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Categories: Soils, Fertilizers and Irrigation

My orange seed-bed stack has "damp-off." Same say "too much water;" "not

enough water;" "put on lime;" etc. I use a medium amount of water and

more of my stack is affected than that of any other grower. One man has

kept his well soaked since planting, and only about six plants were

affected. Another has used but little water, keeping them very dry; he

has lost none.

Damping-off is due to a fungus which at
acks the tender growth when

there is too much surface moisture. It may be produced by rather a small

amount of water, providing the soil is heavy and the water is not

rapidly absorbed and distributed. On the other hand, a lighter soil

taking water more easily may grow plants without damping-off, even

though a great deal more water has been used than on the heavier soil.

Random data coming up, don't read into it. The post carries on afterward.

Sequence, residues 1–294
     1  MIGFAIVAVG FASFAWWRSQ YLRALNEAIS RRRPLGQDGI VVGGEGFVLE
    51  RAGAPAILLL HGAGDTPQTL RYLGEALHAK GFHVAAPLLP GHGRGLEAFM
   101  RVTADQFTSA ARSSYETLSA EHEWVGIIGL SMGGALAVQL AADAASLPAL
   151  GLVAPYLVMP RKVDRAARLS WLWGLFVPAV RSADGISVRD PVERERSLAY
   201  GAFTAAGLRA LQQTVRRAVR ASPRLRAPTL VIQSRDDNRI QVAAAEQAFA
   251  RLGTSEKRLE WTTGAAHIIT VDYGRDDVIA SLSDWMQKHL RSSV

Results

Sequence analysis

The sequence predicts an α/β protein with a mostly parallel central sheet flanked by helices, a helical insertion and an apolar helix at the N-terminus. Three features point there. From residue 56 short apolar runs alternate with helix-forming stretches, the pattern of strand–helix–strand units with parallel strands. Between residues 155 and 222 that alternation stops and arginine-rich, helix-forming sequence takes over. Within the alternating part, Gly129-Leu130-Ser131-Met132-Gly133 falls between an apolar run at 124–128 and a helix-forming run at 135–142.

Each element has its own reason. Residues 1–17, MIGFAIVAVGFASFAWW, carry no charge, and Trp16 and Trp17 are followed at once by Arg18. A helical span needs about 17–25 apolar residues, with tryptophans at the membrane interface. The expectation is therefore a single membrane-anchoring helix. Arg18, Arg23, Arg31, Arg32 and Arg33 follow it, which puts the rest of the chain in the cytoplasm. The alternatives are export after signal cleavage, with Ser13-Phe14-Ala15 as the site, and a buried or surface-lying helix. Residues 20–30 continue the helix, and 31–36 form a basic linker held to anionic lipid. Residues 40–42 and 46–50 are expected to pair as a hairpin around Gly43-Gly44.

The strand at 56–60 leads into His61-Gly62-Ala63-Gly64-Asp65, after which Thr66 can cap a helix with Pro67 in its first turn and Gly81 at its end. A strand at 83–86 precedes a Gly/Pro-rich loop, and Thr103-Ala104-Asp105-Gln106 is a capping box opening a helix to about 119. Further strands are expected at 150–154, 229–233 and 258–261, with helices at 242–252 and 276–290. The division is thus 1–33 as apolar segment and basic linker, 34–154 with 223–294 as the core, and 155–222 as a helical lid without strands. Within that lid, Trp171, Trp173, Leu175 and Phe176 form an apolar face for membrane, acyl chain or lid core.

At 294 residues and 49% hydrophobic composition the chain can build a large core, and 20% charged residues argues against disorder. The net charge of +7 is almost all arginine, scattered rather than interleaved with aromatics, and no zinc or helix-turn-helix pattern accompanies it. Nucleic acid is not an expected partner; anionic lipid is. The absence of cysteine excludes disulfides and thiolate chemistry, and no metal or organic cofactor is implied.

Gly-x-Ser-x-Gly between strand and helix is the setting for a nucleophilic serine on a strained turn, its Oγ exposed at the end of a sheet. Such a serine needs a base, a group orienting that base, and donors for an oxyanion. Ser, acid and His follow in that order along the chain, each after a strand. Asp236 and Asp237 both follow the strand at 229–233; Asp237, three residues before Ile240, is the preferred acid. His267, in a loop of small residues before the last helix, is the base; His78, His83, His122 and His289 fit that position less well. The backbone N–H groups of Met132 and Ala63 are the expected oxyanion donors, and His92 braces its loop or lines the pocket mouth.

Too much shade, which prevents the sun from drying the surface soil, is

also likely to produce damping-off, therefore, one has to provide just

the right amount of shade and the right amount of ventilation through

circulation of the air, etc. The use of sand on the surface of a heavier

soil may save plants from damping-off, because the sand passes the water

quickly and dries, while a heavier surface soil would remain soggy. Lime

may be of advantage if not used in too great quantities because it

disintegrates the surface of the soil and helps to produce a dryness

which is desirable. Keeping the surface dry enough and yet providing the

seedlings with moisture for a free and satisfactory growth is a matter

which must be determined by experience and good judgment.